After nearly 50 years ARGO is re-establishing itself
[dropcap]A[/dropcap]bout an hour and a half drive outside of Austin, Texas is the Canyon of the Eagles Resort, a site chosen by ARGO for its new LX series press event. Seemingly in the middle of nowhere, among a lush and hilly landscape in Central Texas, surrounded by Blue Bonnets and plenty of water, it was obvious we would have a great environment to test drive the new ARGO line up of vehicles.
For those unfamiliar or with only a vague understanding of what an ARGO vehicle is, the company has trademarked XTV (Extreme Terrain Vehicle). An ARGO combines elements of an ATV and UTV to become something completely unique in the powersports world. Oh, and who needs four wheels when you could have six or eight? That’s just the beginning of what makes an ARGO different from anything else available.
Before we go too far, let us back up and give you some history, because Argo started in 1967 and will turn 50 years old in 2017. ARGO is owned by Ontario Drive and Gear Ltd. (ODG) founded in Kitchener, Ontario, Canada in 1962. As the subsidiary of a German company, its objective was to design and manufacture power transmissions and gears for the North American market. ODG developed and manufactured a special transmission for a 6-wheel-drive, skid steer ATV called the Amphicat. Realizing the potential of the ATV market, ODG decided to introduce its own 6-wheel, amphibious vehicle in 1967, and the ARGO was born. It was named for its stamina on land and water after the Argonaut of Greek mythology.
In the years since, ARGO, which is located in New Hamburg, Ontario, has done well developing a unique and versatile vehicle. However, sales began to stall and consumers wanted more out of the vehicle than they were getting. Fast-forward to today, and both ODG and ARGO were purchased in August 2014 by private equity firms Aperion Management and Falcon Investment Advisors. As part of that purchase, Enoch Stiff was brought in as ARGO’s new CEO, and over the past 18 months he has been addressing the things contributing to the company’s misfortune.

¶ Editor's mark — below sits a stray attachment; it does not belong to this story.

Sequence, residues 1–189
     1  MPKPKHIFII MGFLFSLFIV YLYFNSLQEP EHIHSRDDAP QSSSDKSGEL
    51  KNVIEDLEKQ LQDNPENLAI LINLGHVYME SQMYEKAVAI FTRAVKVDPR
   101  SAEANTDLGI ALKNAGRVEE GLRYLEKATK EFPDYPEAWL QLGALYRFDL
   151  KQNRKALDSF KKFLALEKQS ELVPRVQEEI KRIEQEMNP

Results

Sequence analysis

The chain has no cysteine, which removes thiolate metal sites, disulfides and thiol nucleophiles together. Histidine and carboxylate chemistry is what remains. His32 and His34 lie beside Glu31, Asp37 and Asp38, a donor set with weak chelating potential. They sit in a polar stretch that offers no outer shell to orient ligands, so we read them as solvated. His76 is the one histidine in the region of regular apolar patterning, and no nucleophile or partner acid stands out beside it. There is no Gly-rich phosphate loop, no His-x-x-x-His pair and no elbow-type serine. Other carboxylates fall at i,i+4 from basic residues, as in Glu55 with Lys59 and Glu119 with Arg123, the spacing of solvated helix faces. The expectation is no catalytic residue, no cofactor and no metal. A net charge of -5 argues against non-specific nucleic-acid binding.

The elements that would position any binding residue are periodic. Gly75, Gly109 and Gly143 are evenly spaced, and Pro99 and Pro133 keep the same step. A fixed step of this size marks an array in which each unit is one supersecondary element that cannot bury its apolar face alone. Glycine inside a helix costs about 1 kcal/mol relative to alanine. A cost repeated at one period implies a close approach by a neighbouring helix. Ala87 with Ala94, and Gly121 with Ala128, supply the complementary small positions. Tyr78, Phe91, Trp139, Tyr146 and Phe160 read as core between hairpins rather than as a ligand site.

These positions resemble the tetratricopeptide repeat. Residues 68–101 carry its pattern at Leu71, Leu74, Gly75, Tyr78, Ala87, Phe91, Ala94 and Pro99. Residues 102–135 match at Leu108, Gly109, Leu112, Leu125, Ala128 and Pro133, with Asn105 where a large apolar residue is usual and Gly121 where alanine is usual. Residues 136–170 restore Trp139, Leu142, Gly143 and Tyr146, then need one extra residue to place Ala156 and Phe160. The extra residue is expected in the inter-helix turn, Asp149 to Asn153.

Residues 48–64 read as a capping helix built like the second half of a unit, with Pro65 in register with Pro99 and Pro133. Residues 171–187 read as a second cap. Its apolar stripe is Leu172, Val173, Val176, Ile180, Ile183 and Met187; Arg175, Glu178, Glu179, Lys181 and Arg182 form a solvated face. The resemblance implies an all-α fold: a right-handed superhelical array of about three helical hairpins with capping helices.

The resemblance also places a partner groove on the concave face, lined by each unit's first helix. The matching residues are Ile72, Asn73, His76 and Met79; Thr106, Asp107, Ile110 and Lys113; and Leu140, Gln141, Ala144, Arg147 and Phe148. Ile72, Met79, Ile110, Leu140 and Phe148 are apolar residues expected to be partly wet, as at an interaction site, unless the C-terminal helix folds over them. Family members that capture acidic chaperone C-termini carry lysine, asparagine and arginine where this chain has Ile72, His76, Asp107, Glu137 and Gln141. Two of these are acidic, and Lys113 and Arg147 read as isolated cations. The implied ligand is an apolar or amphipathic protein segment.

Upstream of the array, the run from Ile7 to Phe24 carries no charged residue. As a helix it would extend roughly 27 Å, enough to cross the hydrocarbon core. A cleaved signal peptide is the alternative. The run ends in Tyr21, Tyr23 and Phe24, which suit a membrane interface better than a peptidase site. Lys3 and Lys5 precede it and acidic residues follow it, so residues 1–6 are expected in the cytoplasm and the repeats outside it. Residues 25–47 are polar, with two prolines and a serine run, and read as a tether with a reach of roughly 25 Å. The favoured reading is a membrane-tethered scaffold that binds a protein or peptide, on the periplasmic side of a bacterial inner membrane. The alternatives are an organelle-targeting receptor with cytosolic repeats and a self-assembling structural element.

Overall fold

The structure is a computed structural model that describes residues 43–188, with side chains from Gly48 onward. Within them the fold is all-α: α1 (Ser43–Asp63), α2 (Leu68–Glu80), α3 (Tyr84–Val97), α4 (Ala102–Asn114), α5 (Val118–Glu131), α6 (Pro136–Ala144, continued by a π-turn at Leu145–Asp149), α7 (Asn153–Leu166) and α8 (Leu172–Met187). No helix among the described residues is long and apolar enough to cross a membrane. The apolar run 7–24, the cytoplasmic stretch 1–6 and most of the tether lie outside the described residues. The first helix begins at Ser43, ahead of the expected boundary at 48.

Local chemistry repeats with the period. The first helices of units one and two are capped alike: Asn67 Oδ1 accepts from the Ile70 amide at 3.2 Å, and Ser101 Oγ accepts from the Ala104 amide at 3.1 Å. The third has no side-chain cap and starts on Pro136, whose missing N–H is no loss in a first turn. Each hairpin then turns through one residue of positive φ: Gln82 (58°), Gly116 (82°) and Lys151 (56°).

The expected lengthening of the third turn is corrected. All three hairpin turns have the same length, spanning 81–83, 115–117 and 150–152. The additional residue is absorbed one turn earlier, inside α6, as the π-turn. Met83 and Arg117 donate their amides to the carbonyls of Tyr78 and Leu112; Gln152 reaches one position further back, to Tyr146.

New ownership committed to building upon ARGO achievements and getting the company out of its stalled position in the market. They focused on differentiating it from traditional ATVs and UTVs; with more focus on improving the ARGO’s ergonomics, functionality and habitability, and leveraged existing vehicle lines and improved R&D efforts.
Under its new leadership, ARGO also had to change its approach. “We needed a common vision, a new strategy and to educate the distribution channels,” Enoch says. “Sales previously relied on people seeking out an ARGO rather than the company marketing itself to prospective buyers. ARGO wasn’t engaging the larger market. But this is all changing.”
Roughly half of ARGO’s business comes from the hunting market. Historically, ARGO had ignored the recreation side of the marketplace. Enoch wants to hone in on specific markets to target the ARGO at, such as hunting, utility, emergency, cottage, government, agriculture, mining/construction and recreation.
To aid in that effort, ARGO recently hired former Arctic Cat executive Brad Darling as its new president. In fact, his first day on the job was with us media folks test riding the product. He assumes responsibility for leading and growing ARGO’s commercial and recreational markets, building and executing a global expansion strategy based off of the company’s recently launched target market vehicle platforms.
Speaking of the vehicle platforms, ARGO currently has 100+ dealers in Canada and 175+ in the U.S. The company has distribution to more than 50 countries. In 2015, ARGO unveiled 12 new target market models, the most ever in the company’s history. Here in Austin, Tex., the company unveiled its LX series models, which are scheduled for a Q2 launch and are a high-end luxury model that represents ARGO’s first foray into the more affluent side of the recreational market.